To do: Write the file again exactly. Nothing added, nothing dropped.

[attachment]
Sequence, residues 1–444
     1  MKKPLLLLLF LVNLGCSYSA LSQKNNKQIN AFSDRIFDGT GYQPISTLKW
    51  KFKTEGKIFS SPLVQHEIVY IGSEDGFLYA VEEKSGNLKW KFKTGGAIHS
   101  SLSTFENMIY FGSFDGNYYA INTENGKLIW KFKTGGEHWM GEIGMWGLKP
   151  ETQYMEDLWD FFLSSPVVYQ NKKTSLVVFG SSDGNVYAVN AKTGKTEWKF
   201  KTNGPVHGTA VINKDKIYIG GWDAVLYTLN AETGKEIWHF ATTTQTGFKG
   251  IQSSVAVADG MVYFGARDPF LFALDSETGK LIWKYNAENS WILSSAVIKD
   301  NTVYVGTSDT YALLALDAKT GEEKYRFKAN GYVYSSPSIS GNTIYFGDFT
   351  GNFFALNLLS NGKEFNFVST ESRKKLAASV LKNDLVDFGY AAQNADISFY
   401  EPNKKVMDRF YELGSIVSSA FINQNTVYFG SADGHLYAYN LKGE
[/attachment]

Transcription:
Sequence, residues 1–444
     1  MKKPLLLLLF LVNLGCSYSA LSQKNNKQIN AFSDRIFDGT GYQPISTLKW
    51  KFKTEGKIFS SPLVQHEIVY IGSEDGFLYA VEEKSGNLKW KFKTGGAIHS
   101  SLSTFENMIY FGSFDGNYYA INTENGKLIW KFKTGGEHWM GEIGMWGLKP
   151  ETQYMEDLWD FFLSSPVVYQ NKKTSLVVFG SSDGNVYAVN AKTGKTEWKF
   201  KTNGPVHGTA VINKDKIYIG GWDAVLYTLN AETGKEIWHF ATTTQTGFKG
   251  IQSSVAVADG MVYFGARDPF LFALDSETGK LIWKYNAENS WILSSAVIKD
   301  NTVYVGTSDT YALLALDAKT GEEKYRFKAN GYVYSSPSIS GNTIYFGDFT
   351  GNFFALNLLS NGKEFNFVST ESRKKLAASV LKNDLVDFGY AAQNADISFY
   401  EPNKKVMDRF YELGSIVSSA FINQNTVYFG SADGHLYAYN LKGE